I want to know who I am and be okay being that. I am pretty sure that I am on the fast track to getting there. So stay tuned for more… and a lot less “update” styley (word?) posting. I just wanted to get in touch.

Cheers from one of the most beautiful places in the world!



Here is my very first place on my very own. It’s small, cozy, and perfectly close to UVic and running trails. Speaking of, I went for a run this morning only to come back to find I locked myself out. Since Luke is the only known human to have a key to my place and my landlords are out of town, I ended up shimmying through my bedroom window — it was not cute. On top of being sweaty and gross, I cut up my hands on the window sill. Oh well, never a dull moment. That either teaches me to leave the door unlocked or not to run. I will let you decide the best lesson there. Anyways, welcome to _______ Crescent, home of me and an unending craving for coffee and the company of you:

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habited again

I am in Victoria, borderline all moved into my very own place, and welcome to company, visitors, and people who want to clean for me. This is an open and standing invitation providing that when you arrive you are not awkward — I hate awkward. Or judgmental, because the place is small and I have tried to maneuver my belongings as effectively as possible. It’s cozy. Anyways, I forgot toothpaste so I need to pick some up this morning but after I’ve done that it’s FAIR GAME so come over.

PS Think of me tomorrow — I have my orientation for the teaching program!I hate orientations…because I hate awkward…but this should be good!



what will your legacy be?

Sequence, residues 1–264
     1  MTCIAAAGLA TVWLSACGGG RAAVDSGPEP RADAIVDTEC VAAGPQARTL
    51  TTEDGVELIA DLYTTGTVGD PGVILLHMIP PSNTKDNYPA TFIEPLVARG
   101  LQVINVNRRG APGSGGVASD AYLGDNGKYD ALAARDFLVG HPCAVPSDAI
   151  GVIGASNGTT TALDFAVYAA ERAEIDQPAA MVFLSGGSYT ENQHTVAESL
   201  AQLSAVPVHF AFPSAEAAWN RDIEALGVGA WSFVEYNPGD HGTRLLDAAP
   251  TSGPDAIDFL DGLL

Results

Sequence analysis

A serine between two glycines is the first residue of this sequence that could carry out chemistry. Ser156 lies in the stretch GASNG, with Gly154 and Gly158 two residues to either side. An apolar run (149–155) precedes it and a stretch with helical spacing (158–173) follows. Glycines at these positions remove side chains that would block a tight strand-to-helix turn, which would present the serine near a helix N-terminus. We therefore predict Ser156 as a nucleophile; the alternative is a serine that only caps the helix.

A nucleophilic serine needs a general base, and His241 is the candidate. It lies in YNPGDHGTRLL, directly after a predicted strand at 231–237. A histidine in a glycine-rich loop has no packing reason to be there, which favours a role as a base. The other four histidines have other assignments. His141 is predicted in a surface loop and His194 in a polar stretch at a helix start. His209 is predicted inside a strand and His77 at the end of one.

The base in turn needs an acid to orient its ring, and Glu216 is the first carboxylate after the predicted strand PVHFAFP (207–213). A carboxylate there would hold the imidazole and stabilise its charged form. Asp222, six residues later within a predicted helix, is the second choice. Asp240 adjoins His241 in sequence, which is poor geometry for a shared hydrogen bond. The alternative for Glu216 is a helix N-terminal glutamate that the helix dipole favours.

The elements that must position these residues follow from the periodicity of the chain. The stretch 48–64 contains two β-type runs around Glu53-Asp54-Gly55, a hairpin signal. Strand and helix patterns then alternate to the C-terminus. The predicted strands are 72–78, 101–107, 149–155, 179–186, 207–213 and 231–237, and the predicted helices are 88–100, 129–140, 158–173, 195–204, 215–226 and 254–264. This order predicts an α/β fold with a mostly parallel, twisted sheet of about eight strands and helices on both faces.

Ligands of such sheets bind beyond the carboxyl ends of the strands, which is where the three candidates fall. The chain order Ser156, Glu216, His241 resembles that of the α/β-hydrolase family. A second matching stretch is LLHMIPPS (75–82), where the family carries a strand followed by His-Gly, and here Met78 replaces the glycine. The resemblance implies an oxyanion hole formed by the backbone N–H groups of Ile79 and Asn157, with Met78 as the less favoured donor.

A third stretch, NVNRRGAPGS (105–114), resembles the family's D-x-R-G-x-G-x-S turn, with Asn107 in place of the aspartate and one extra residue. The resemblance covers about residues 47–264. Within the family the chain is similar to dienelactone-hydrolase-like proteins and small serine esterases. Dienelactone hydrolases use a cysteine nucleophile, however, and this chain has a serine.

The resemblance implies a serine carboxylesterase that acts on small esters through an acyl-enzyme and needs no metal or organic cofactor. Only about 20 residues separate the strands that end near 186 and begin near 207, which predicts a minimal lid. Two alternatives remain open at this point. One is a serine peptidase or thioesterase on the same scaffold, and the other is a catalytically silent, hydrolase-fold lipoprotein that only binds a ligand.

Excuse me while I consider something. Last week-end/week I was up in Smithers for my Uncle Dave’s memorial. I didn’t know what to expect going up there, I am not exactly well versed in this type of pain or grief, most particularly in this family of mine. I was most shocked by how cool his memorial service was. (I am having a hard time finding the proper word for it — I would also say it was neat, humbling, surprising, hard, and anointed) Here’s why: I don’t think there is anything more honouring of someone’s life than watching or knowing what they’ve left behind. To say I learned many things about my Uncle Dave at his memorial would be an understatement to the highest degree — it’s a very real and powerful thing to be reminded of the very best parts about someone. It fascinates me that he lived for an entire lifetime before any of us kids came along. I found myself not wanting the speakers to stop talking about this dear man — there are so many things I don’t know. Neat because I now know this man was much more than an uncle and friend; humbling because the words spoken about him made me want to be that or have that in some parts of my own life; surprising because it wasn’t until we were gathered together that a sea of my own memories, memories that I had been desperate to hold in my hand but somehow were hard to grasp that week, came flooding over me as others shared about Dave; hard because as joy filled as I am knowing exactly where he is, it’s still okay to be sad that my life — our lives — are somehow a little less full now that he’s gone; and anointed because Jesus was truly in that place as evident in the faces of my cousins and aunt whose loss seems so unfair but whose hearts are carried by that faith that God knows exactly what he’s doing.